branded contentIf you haven’t noticed, the media has changed a little over the past decade. If you’re a business owner or marketer, you’ve likely found that it’s much more difficult than ever to reach people with traditional marketing messages, as consumers literally take in hundreds of these messages per day, both consciously and subconsciously. For example, billboards, print ads and radio spots—while still effective in some ways—just don’t pack the same punch as they did 10-15 years ago.

Due to this media saturation, consumers have really changed the ways in which they take in information. Rather than reaching people through traditional ads or sales-driven marketing messages, many of the world’s top brands are taking a different approach in the form of content marketing. This involves the use of engaging, useful content to actually educate readers and position a brand as a resource for valuable information.

Obviously, this is a long-term strategy that only starts to pay dividends once you’ve developed a significant amount of content, but it creates some tremendous opportunities for even the smallest of businesses. Gone are the days when a huge marketing budget was needed to reach new customers—you can now do so simply by leveraging the expertise you have.

Trends point toward branded content

According to Brafton, “90 percent of marketers say they will use branded content to support marketing initiatives in the next 12 months.” Marketers support using branded content because they know their potential customers want to receive custom content that provides unique and quality information on certain products. Additionally, this content leverages social interactions and effectively adapts for any changes Google might make to its website ranking processes.

How does content marketing provide custom content that is both unique and informative for consumers? To create an ongoing dialogue with consumers, businesses can provide frequently updated blog content, articles, social media updates and press releases, often working with a trained marketing copywriter. Customers are on the web looking for goods and services—so why not keep them regularly updated as to how your business can provide useful products or problem-solving services? Furthermore, well-written content ensures potential customers of your brand’s quality and interest in speaking directly with them, thereby establishing a relationship that can have a ripple effect later on.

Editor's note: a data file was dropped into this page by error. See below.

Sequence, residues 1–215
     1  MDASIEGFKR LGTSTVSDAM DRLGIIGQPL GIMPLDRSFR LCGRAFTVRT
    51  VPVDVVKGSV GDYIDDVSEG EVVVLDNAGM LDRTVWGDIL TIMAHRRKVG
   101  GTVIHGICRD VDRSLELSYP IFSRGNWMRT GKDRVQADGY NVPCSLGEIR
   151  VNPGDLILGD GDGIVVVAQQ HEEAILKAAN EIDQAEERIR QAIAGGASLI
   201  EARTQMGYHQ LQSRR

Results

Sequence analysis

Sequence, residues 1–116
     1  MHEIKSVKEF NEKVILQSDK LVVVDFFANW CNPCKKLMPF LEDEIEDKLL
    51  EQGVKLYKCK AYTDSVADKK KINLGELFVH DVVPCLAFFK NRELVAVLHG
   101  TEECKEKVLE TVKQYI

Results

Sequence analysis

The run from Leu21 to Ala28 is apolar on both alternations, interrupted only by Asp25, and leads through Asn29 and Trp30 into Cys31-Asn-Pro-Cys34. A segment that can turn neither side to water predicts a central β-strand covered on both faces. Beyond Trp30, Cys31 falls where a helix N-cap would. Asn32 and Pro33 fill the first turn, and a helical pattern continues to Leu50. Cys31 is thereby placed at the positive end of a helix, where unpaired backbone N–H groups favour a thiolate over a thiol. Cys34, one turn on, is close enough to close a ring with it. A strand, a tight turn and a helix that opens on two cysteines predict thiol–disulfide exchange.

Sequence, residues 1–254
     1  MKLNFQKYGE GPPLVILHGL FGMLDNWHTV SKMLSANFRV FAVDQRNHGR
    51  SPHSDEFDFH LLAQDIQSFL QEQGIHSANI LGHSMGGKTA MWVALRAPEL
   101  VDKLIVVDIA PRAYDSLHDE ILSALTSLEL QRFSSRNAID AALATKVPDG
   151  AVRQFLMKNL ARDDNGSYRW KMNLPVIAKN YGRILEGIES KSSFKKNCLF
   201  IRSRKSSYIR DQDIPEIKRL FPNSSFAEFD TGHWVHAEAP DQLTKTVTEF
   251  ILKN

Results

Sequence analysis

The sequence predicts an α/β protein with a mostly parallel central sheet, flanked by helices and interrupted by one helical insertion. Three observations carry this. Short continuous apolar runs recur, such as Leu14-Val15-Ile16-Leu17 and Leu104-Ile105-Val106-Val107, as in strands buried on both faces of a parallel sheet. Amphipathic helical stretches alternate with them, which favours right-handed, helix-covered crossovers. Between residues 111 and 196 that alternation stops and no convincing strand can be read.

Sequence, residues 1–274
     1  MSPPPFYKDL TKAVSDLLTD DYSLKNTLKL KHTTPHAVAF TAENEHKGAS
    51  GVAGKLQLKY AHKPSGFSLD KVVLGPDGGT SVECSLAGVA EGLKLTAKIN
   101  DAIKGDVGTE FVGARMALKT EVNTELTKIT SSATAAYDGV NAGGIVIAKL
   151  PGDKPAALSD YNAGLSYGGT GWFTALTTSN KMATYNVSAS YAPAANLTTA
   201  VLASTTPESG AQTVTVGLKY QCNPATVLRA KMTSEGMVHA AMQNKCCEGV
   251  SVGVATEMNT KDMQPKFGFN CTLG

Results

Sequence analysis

Forming this dialogue with readers through online interactions starts as a snowball of quality and unique information, but can quickly become an avalanche of positive content attention. Content marketing through blog content, social media and other avenues allows people to offer feedback, which benefits your brand if they start conversations on their own Facebook or Twitter news feeds.

Content marketing is still only as successful as the number of people it reaches, and marketers who don’t adapt to a changing online landscape can quickly get lost in the fold. By tailoring content to capitalize on personalized searches and the increasing relevance of social shares and networks, your organization can trust that its informative content will reach its intended audience.

Ben N. is a copywriter with ProPRcopy, an agency that assists hundreds of businesses and organizations with their copywriting and content marketing needs.